A vote in parliament is not an essential prerequisite for going to war, but since Blair’s war against Iraq in 2003 it has become the norm to make these decisions by parliamentary vote in the House of Commons. Less than two years ago, in 2013, parliament was asked to unleash British military might against Assad’s government in Syria. Yesterday we voted to commence air strikes against Assad’s opponents. How can we have switched our allegiance so quickly from one side to the other?
Both sides are heinous, imprisoning people without charge and summarily executing them more or less at will. About a quarter of the Syrian population has fled in terror from Assad’s brutally repressive regime. Assad has killed more of his own people than IS/Daesh has ever managed to kill. Yet we have piled in on the opposite side, fighting at least some of Assad’s opponents for him.
We declare that the air strikes are in support not of Assad, but of rebels on the ground. These rebels are not IS/Daesh, but they are not very different from them. They are not interested in fighting IS/Daesh, but in fighting for themselves and against Assad. In terms of Jihadi violence and lack of respect for human rights, they may be as bad or worse than IS/Daesh. They are also weak and dispersed across the country. So these are the supposed ‘friends’ on whom we will rely once we have reined our military might on Syria from the air.
These dispersed bands of rebels can be expected to take advantage of the opportunity we give them to survive in the political vacuum we will create in Syria. These newly emboldened ‘friendly troops on the ground’ will benefit from our air strikes and from any other support we give them, be it weapons, training, expertise or humanitarian assistance, but will they then be in any position to form a stable, functioning government? It is extremely unlikely that this military action will lead to an inclusive political settlement any time soon. So in the chaos that we create with more bombing in the region monstrous forces are unleashed, forces in fact no better, and quite possibly far worse, than what we have now.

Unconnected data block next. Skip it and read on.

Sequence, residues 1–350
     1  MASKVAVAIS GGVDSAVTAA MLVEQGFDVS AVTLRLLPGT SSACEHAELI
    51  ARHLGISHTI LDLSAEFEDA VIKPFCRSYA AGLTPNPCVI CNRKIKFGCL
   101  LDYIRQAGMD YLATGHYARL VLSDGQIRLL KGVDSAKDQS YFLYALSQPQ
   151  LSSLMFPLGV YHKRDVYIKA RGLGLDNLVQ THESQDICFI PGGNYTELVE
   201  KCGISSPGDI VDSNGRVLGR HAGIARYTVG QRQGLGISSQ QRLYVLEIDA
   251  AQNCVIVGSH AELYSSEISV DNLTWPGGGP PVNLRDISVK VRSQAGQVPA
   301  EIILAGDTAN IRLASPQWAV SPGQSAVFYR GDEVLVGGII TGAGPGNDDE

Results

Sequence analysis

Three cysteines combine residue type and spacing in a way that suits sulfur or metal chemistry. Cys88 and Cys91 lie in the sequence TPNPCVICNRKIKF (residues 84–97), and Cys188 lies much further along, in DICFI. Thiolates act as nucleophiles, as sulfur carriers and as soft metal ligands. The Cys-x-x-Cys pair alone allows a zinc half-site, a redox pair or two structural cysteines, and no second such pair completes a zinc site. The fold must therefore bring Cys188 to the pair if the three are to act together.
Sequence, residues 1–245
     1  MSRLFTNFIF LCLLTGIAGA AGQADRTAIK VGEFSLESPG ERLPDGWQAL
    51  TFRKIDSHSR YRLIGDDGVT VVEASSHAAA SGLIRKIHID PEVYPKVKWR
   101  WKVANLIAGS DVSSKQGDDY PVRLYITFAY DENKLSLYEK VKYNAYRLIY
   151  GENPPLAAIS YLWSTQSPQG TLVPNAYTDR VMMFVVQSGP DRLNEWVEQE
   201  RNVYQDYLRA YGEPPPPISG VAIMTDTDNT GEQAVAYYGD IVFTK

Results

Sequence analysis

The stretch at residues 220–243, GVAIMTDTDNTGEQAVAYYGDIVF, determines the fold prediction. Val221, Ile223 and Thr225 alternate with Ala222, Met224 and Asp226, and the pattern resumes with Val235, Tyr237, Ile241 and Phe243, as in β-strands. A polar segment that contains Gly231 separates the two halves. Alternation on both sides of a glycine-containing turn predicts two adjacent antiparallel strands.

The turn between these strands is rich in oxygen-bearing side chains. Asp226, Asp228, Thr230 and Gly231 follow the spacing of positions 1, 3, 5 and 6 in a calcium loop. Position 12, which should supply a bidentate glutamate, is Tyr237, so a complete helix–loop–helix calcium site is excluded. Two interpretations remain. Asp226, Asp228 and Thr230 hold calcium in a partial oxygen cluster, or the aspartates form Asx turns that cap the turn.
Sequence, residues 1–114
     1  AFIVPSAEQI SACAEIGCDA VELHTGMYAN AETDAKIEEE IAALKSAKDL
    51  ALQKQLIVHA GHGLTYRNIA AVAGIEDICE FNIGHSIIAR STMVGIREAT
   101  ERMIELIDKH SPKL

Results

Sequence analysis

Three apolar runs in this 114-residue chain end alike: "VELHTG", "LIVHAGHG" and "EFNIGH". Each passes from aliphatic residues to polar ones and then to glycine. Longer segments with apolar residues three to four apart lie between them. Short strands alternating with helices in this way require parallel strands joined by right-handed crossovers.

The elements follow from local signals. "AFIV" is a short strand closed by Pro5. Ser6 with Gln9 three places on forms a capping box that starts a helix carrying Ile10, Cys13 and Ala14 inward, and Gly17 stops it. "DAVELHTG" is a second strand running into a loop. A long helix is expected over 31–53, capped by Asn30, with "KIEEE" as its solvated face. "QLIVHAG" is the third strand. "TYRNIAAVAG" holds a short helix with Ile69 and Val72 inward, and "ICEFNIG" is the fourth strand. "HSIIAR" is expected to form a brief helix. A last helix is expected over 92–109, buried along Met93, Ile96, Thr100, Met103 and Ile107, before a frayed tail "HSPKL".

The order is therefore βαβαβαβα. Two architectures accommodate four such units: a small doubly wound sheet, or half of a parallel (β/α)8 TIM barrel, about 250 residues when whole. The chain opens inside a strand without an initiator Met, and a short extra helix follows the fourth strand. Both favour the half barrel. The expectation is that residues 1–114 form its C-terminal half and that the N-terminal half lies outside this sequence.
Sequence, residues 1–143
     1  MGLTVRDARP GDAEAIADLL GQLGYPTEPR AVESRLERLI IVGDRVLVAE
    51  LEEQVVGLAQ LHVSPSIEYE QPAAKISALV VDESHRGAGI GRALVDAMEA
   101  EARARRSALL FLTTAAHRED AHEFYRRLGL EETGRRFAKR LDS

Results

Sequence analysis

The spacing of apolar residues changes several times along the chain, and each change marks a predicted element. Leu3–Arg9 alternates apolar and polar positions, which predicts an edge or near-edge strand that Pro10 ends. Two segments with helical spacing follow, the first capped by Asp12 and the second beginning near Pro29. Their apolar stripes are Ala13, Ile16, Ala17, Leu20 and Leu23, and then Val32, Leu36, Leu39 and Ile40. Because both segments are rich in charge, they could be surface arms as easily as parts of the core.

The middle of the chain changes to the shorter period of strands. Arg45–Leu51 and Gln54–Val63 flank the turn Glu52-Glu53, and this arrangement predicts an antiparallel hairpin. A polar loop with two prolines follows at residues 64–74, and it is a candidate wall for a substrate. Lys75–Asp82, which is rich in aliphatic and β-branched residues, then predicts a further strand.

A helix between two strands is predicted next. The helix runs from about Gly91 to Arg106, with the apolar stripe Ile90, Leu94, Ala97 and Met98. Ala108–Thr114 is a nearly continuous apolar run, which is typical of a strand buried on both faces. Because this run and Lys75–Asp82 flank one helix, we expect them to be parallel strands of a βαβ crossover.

Having declined to attack Assad in 2013, and now, ostensibly, not wishing to side with him, we now rely on rebels many of whom have the backing of the Saudis. The Saudi government is also known for imprisoning individuals without trial, for beheadings, for stoning women (but not men) for infidelity. The Saudis also are our very big trading partners, we are the biggest supplier of their arms and we honour their royal family by flying our national flag at half-mast when their king dies. The people of Britain did not call for this level of homage to the Saudis. One must wonder what the dividends may be to warrant such an unprecedented level of grace and favour to a country with values are so very different from our own.
Cameron has been at pains to say that the decision to step up war efforts in Syria is difficult and that the facts and the outcomes are unclear and unpredictable. The focus on unpredictability appears to excuse Blair for the ‘dodgy dossier’ speech to parliament in 2003. Unfortunately the Chilcot enquiry has been inexcusably delayed, if not overtly and deliberately suppressed. The fact is, however, that we went to war afraid of the WMD and 45mins ‘strike time’ Blair told us about in parliament. As it turned out all that was completely untrue, though the Chilcot enquiry is still not available to argue the case for us.
If Blair were in jail today Cameron might be thinking twice before telling us about the ‘Bogus battalions’ of helpful, non-jihadi fighters waiting for our support in our fight against IS/Daesh. As it stands Cameron feels free to rest his case for air strikes on the existence of moderate rebel fighters, though the Chair of the Commons Defence Select Committee, Julian Lewis, said their existence was not well-founded, and that the case for air strikes against Syria has not been made.
Our leaders act in tandem no matter which party they come from. ‘Our enemy’s enemy is our friend’ only works until they rise up against us, knowing how morally bankrupt we have allowed ourselves to become. We adopt this line of thinking at our peril. To say this is a humanitarian war effort or one designed to improve our security seems the greatest untruth of all. All I can think of today is the terrible terrible shame of yesterday’s vote in parliament. Yet more war. What have we done?